They said Mass with their backs to the congregation, which I find off-putting. The Mass also used a reasonable amount of Latin, which is a plus IMHO although I dislike the Tridentine Mass.

Afterwards, we had a reception in the courtyard. I proved myself a terrible person because I kind of sneered at the missionary boy who is entering Ave Maria University this fall. He wants to be a professional theologian; I informed him bluntly that if he's going to Ave Maria NO ONE will take him seriously. He insisted that Ave Maria is more scholastically rigourous than, say, Franciscan U. at Steubenville, saying that his friends at Ave Maria spend much more time studying. I figure that that's because they're all homeschool retards who have never had to apply themselves to a real school curriculum in their lives. I'm all for homeschooling but the people who do it for religious reasons usually hamstring their kids badly when it comes to the life of the mind. But I didn't tell him that.

Life here is quiet and dull. This week I watched five movies; the second half of "Transformers" (much better on a smaller screen where you can actually see all of the mecha at once; nonetheless still a horrible movie), "Hancock" (not what I expected but I enjoyed it nonetheless), "Rush Hour 3" (no brain required but entertaining), "Gran Torino" (thumbs up) and "The Punisher: War Zone" for a second time.

I expect to have access to LJ for the rest of my stay, but I am only sporadically looking at my friends list.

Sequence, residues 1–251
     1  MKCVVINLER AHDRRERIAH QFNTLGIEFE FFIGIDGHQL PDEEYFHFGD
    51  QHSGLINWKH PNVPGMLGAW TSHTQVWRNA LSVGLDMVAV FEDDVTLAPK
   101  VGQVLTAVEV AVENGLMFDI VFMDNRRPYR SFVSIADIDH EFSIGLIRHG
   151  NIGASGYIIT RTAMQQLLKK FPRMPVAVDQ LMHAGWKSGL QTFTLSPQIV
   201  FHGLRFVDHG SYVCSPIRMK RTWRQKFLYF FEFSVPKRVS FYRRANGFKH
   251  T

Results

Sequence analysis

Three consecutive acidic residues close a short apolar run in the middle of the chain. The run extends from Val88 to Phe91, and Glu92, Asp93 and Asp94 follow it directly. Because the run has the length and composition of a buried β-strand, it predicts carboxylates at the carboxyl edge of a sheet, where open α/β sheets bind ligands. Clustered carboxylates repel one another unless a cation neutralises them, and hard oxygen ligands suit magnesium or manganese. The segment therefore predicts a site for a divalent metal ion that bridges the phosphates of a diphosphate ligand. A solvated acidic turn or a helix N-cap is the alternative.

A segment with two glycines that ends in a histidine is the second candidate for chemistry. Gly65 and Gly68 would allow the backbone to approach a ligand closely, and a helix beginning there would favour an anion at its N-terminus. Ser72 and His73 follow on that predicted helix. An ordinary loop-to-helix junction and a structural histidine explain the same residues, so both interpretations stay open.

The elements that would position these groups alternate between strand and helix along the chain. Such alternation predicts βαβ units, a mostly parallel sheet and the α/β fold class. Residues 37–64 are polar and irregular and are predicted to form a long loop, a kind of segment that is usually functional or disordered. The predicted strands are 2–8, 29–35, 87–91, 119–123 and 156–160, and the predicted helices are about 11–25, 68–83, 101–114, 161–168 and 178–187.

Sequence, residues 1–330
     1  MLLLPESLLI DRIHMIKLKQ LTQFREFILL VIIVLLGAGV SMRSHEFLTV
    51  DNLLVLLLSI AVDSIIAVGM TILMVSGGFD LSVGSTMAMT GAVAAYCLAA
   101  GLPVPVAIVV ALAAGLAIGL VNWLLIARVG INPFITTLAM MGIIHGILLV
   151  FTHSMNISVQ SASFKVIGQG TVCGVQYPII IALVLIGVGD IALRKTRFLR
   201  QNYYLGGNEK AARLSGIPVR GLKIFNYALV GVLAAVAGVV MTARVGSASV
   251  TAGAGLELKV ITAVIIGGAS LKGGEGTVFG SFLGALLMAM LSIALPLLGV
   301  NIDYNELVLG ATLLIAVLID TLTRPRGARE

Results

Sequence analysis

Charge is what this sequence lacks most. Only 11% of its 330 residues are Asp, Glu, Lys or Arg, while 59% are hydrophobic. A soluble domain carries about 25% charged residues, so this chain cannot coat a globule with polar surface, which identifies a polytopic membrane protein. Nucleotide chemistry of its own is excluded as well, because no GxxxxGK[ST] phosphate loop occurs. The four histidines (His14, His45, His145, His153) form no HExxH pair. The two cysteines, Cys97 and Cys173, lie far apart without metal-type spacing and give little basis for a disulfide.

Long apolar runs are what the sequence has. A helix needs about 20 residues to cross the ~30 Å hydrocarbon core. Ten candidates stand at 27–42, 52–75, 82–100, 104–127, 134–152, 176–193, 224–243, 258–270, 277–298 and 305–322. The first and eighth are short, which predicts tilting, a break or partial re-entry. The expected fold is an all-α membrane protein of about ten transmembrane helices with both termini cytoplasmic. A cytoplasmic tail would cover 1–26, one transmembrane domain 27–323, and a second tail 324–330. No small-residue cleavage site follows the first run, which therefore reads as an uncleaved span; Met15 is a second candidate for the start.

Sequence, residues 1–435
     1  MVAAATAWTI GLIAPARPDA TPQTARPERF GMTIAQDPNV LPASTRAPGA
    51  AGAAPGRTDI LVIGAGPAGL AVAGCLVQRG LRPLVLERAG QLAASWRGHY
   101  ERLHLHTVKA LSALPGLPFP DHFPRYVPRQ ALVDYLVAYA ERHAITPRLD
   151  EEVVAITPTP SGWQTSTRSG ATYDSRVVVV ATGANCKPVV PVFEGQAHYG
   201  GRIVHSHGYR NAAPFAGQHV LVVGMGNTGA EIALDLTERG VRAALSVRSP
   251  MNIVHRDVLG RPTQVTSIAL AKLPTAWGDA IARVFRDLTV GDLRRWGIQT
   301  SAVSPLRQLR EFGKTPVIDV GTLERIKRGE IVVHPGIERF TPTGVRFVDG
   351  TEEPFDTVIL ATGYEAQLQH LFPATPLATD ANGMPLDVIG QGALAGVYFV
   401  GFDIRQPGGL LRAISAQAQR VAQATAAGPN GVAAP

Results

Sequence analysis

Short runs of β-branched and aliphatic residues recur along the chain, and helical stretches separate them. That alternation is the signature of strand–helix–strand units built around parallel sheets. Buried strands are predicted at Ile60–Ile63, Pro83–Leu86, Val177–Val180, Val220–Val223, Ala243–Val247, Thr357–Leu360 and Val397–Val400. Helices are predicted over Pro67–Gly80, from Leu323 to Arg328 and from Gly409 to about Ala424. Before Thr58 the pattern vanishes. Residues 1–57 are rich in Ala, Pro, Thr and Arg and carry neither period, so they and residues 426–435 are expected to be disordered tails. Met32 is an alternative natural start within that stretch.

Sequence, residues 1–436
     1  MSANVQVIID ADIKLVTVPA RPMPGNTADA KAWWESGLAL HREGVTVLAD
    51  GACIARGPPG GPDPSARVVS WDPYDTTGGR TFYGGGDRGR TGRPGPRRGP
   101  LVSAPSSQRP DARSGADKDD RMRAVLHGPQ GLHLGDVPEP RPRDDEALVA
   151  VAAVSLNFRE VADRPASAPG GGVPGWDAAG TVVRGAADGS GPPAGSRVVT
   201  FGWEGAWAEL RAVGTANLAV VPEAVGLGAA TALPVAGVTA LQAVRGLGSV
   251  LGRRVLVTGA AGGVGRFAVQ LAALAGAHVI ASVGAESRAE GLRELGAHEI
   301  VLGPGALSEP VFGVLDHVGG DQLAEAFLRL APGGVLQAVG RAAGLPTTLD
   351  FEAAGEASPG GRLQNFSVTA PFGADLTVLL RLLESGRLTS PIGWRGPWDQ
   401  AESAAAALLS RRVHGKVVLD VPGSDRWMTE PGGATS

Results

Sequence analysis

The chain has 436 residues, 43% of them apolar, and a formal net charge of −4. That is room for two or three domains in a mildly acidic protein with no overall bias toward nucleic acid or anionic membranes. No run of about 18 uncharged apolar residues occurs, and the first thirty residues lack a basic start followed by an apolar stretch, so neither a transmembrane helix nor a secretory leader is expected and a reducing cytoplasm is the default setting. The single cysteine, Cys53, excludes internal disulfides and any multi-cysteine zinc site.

Take care, all.

Comments

( 6 comments — Leave a comment )
(Deleted comment)
brotherskeeper1
Apr. 14th, 2009 03:24 am (UTC)
Hi, Steph :) I enjoyed reading about the processions as I've never seen that.

You answered a question I always wondered about and that is the humidity in Central America. I'm glad you don't have to deal with that.

Take care!
kishiriadgr
Apr. 14th, 2009 06:40 pm (UTC)
Right now it's the dry season, so the weather is just that; dry and Iraq-hot. The rainy season will bring cooler weather and lots of wet.
zeonchar
Apr. 14th, 2009 08:04 am (UTC)
Glad you're having a good time!

(I enjoyed Transformers, LOL)
kishiriadgr
Apr. 14th, 2009 06:39 pm (UTC)
I would have liked Transformers if it had been about the ROBOTS the way the series is. Instead it was a teen drama with robot action. I HATE teen drama and after the first hour was about to walk out of the movie, except that's when all the robot action started.
zeonchar
Apr. 14th, 2009 09:17 pm (UTC)
Yeah, I get what you're saying. I liked it only for the robot action. The story part didn't really interest me. I guess the action was enough for me. The last battle was pretty cool.
( 6 comments — Leave a comment )